Volcanic “trombone music” could provide early warning of eruptions

20 October 2022

New research using infrasound to monitor volcanic activity could be used to help warn of potential eruptions.

  • Leighton Watson

    Dr Leighton Watson doing volcanic field work on Villarrica in Chile.

SDG 13

Sustainable Development Goal (SDG) 13 – Climate Action

University of Canterbury (UC) postdoctoral researcher Dr Leighton Watson (Ngāi Tahu), in collaboration with researchers at the Italian National Institute of Geophysics and Volcanology and Boise State University, has developed a modelling tool that uses sound waves from volcanic activity to help understand and forecast volcanic behaviour.

“The movement of magma in some volcanoes produces sound in a similar way to musical instruments,” says Dr Watson. “While some of the sound waves can be heard by humans, the vast majority of energy is below the lower frequency range of human hearing. By deploying specialised microphones we can listen to volcanoes and use their sounds to understand their behaviour.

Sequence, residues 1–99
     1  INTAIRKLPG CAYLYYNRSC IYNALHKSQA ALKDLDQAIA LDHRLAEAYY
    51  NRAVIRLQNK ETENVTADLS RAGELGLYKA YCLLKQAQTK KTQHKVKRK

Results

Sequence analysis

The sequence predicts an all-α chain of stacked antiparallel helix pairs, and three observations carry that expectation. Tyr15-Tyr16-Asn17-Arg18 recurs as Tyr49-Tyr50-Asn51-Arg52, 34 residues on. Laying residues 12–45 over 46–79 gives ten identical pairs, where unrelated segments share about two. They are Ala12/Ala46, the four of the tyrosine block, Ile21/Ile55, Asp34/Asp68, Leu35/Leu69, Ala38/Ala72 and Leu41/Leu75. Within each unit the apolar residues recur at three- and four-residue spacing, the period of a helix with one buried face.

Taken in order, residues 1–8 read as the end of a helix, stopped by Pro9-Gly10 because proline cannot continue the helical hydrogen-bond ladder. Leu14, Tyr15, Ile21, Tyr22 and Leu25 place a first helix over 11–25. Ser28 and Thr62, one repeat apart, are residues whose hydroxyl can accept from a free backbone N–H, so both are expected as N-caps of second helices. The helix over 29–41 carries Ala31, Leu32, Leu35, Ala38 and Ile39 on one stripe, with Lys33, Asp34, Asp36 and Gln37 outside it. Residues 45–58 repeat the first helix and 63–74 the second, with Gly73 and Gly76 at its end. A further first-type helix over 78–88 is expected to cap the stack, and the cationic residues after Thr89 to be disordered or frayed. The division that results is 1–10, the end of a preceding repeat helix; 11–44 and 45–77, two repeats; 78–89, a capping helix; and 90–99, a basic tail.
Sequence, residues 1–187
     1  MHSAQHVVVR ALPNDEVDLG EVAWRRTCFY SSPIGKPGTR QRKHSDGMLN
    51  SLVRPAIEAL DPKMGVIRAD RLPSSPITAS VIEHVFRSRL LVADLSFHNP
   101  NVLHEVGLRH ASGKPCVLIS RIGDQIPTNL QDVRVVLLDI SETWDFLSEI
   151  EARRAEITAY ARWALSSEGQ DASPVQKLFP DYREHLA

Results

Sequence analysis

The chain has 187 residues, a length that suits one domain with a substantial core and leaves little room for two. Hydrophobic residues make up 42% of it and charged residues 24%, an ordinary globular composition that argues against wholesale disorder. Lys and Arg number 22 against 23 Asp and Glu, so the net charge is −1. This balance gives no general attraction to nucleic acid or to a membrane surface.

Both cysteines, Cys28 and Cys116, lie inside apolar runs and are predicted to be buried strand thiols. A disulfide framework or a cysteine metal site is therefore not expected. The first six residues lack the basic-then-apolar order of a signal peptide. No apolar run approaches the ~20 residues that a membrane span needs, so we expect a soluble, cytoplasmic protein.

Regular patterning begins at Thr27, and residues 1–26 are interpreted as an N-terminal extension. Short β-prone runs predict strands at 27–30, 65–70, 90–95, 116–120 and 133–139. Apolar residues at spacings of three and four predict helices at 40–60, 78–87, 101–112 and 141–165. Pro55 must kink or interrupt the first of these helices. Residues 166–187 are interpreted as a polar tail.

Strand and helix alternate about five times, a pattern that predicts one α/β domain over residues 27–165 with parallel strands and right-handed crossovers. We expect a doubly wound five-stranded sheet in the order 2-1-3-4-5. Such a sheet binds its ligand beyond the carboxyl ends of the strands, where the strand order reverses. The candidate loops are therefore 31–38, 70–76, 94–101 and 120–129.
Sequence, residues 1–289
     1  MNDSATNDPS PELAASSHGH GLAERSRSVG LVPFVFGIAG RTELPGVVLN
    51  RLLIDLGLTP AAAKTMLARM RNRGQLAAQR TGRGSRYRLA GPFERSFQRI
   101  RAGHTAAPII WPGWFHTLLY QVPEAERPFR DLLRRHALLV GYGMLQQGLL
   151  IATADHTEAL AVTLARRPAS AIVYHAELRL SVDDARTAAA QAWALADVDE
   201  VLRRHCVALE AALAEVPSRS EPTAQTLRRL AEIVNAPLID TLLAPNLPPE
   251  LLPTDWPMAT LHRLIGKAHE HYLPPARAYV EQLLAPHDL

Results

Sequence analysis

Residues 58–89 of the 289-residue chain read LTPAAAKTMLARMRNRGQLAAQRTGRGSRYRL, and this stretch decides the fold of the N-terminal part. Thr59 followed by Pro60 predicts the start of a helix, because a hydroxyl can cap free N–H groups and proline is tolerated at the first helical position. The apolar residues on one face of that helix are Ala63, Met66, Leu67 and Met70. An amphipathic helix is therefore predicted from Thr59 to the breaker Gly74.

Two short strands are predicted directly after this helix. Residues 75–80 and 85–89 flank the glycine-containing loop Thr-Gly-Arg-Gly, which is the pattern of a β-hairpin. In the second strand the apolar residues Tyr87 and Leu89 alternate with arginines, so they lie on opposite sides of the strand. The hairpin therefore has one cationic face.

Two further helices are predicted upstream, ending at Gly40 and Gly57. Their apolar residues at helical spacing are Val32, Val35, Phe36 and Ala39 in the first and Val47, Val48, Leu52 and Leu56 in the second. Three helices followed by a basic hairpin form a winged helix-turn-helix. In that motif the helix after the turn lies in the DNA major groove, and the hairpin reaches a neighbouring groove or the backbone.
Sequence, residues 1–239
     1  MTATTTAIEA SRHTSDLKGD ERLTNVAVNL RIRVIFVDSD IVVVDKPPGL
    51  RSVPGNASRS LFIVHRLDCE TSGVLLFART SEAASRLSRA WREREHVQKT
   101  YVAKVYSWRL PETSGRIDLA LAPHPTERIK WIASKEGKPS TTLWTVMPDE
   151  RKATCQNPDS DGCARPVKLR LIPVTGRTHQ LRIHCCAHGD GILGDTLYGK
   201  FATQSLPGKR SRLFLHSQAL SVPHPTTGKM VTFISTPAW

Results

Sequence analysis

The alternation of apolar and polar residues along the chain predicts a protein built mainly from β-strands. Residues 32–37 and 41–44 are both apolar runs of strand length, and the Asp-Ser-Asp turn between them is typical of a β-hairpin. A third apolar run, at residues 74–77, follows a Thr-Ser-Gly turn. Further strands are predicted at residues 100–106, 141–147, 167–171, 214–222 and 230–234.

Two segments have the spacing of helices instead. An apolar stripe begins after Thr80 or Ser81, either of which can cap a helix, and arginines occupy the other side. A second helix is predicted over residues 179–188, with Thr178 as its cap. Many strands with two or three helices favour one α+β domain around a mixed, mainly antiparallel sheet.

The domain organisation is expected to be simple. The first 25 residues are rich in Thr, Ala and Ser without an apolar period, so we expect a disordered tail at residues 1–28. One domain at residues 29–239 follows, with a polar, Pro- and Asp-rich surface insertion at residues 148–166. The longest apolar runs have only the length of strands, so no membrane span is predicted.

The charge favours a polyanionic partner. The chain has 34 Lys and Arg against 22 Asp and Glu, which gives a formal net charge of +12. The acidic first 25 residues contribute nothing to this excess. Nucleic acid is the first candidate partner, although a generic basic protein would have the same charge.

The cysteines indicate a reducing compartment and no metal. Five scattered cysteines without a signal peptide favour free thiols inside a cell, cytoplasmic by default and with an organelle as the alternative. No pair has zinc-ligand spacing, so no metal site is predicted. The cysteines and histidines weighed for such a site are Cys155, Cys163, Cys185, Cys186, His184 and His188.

“Explosions at the top of the magma column excite sound waves, which are reflected at the top of the crater – just like inside a trombone, but on a much larger scale. As magma rises in the crater, the distance between the top of the magma column and the top of the crater decreases. This causes the pitch of the sound to increase – just like when a trombone is retracted.

“By listening to the changing pitch, we can track the movement of magma within the crater. This has the potential to provide several hours of warning prior to an eruption, which could make a significant difference to those living near or visiting active volcanoes.”

Dr Watson and colleagues studied these volcanic melodies at Mt. Etna in Sicily, Italy – an active volcano where eruptions frequently occur, ejecting lava over 1km above the summit. The work also builds on Dr Watson’s previous studies of Villarrica in Chile and Cotopaxi in Ecuador. The next stage of the research is to adapt the model to make it relevant to a New Zealand context.

“This model is for a volcano where there is a direct connection between the magma plumbing system – the lava lake – and the atmosphere. In New Zealand, two of the most hazardous volcanoes are Mount Ruapehu and Whakaari that have crater lakes containing water between the magma and the air above. Geological and Nuclear Sciences (GNS) already uses infrasound sensors to listen to volcanic activity, so I am interested to see if we can adapt the model to make it applicable to these systems. I’m also currently working on snow avalanches as a proxy system for pyroclastic flows and lahars.”

Dr Leighton Watson’s paper Infrasonic gliding reflects a rising magma column at Mount Etna (Italy) was recently published in Scientific Reports.

Here is a video of the sonified data showing the movement of magma in the Mt. Etna crater.

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